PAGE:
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The 57 Cy Young Award winners who played college baseball

The 57 Cy Young Award winners who played college baseball

First given in 1956, the Cy Young has been awarded annually to the best pitcher in Major League Baseball. One representative from the American League and National League make up the pair of honorees. 

We’ve accumulated a list below of 57 former MLB Cy Young Award winners who once played college baseball for current NCAA institutions (including repeat winners). We also picked a Cy Young standout from each decade to be featured in a brief summary of their college careers.

Last decade’s decisions were most excruciating due to the influx of talent that journeyed from college to Major League Baseball.

MVP: The 53 MLB MVP winners who played college baseball

Sandy Koufax | Cincinnati | 3x Cy Young winner (’63, ’65, ’66)

One season at the University of Cincinnati was all it took for the Brooklyn Dodgers to sign Sandy Koufax.

He was not the same pitcher at that point. Cincinnati prepped him for professional ball by teaching him pitch control. And when his fastball and curveball reached refinement, the Koufax of MLB lore appeared. 

“All he needed was somebody to teach him control. A kid his age throwing 90 miles an hour – this was 1954 we were talking about. He was strong. He wasn’t at all cocky — just a nice guy,” Cincinnati teammate Ike Misali said of Koufax in 2014.

Originally, the southpaw enrolled as a liberal arts major with the intention of transferring to the school of architecture. Walking on to the basketball team was the next priority. One semester later, he joined the baseball team. He found his groove in his lone season as a Bearcat, going 3-1 with a 2.81 ERA and leading the team with 51 strikeouts in 32 innings.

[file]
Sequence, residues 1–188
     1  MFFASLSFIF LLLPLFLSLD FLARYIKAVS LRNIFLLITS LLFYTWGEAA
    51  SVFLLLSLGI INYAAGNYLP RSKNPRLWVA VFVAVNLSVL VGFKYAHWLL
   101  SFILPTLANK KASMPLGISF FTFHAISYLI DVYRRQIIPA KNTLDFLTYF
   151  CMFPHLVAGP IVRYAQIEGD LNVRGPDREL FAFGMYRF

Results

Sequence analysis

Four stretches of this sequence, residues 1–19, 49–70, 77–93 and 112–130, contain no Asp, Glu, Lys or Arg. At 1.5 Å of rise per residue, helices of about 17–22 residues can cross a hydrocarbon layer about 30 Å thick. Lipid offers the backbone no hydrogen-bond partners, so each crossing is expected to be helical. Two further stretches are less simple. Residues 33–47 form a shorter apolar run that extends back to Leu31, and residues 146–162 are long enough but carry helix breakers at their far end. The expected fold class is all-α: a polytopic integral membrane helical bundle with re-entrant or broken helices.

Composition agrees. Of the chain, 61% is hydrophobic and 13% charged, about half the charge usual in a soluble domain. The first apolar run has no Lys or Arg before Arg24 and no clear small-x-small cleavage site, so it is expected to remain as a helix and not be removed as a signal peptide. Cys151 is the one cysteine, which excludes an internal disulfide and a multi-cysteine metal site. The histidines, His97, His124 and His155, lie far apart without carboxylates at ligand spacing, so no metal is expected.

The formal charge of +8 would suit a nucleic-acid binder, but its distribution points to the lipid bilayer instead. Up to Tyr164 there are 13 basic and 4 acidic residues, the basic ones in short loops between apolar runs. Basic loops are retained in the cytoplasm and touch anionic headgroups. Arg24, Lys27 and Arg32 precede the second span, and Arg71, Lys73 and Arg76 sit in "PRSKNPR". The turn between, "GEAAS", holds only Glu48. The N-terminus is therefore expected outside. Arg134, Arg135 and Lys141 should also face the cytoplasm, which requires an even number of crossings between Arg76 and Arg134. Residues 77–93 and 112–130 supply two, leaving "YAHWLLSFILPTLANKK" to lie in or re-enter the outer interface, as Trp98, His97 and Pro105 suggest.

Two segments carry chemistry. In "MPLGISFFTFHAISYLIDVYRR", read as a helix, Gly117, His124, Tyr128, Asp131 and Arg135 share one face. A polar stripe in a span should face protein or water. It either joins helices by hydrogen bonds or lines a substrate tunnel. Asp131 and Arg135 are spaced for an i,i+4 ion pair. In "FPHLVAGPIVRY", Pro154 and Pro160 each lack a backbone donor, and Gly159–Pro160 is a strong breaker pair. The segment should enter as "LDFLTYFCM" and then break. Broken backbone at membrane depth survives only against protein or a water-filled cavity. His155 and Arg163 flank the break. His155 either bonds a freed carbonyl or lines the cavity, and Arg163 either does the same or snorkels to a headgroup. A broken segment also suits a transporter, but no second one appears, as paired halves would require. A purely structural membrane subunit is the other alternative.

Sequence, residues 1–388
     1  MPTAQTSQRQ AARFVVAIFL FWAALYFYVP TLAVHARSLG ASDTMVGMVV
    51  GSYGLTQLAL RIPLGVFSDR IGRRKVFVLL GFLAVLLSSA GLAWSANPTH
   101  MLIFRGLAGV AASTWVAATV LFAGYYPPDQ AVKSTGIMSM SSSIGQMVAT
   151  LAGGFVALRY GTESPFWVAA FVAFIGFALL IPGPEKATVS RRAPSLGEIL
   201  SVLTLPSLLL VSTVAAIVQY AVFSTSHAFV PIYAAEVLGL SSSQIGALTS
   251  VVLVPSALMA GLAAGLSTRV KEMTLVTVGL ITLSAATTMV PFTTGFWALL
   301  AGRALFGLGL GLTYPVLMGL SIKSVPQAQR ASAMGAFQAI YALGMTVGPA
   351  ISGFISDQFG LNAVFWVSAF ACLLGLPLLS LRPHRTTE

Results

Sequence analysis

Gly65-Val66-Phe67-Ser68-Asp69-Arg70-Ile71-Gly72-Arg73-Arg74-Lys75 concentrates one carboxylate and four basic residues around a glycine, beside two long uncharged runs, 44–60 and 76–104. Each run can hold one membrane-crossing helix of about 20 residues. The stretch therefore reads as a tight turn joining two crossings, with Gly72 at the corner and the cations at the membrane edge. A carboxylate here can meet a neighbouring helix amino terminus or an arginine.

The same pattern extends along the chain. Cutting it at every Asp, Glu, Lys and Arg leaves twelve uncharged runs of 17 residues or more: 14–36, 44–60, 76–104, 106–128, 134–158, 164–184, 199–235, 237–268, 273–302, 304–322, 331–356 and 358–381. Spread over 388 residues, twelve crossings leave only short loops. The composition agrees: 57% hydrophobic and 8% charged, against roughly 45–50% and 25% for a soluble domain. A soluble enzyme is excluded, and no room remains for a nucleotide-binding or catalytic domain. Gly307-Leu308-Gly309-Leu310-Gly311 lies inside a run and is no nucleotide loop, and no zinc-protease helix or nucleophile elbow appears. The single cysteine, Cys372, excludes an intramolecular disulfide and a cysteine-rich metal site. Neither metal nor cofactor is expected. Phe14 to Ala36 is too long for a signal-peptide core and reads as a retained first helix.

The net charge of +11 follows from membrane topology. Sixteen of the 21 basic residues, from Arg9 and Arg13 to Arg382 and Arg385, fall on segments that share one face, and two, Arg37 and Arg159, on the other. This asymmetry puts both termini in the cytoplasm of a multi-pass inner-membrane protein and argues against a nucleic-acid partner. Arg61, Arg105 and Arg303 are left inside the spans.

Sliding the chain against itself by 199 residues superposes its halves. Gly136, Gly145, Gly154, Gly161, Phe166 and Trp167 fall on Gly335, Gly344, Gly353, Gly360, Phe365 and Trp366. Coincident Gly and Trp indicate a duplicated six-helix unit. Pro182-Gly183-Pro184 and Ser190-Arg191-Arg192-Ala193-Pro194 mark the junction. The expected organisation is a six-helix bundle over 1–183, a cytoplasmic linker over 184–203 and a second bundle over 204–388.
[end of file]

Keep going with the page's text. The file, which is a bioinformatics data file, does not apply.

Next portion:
Dan Gilbert, his catcher at Cincinnati, reveled in 2014 at how unbelievable the break on his curveball was, “but the blazing fastball I will never forget. You couldn’t hit it.” His battery mate would place a sponge inside his catcher’s mitt to help absorb any residual shock from the 90-plus miles per hour fastball.

Spending all 12 seasons of his career with the Brooklyn/Los Angeles Dodgers, the eventual first ballot Hall of Famer pitched four no-hitters and a perfect game, and was a three-time Triple Crown winner, five-time National League ERA leader and two-time World Series MVP — one of the greatest to ever man the mound.

IN COOPERSTOWN: Where National Baseball Hall of Famers played college baseball

Honorable mention: Bob Gibson | Creighton | 2x Cy Young winner (’68, ’70)

Two star basketball and…

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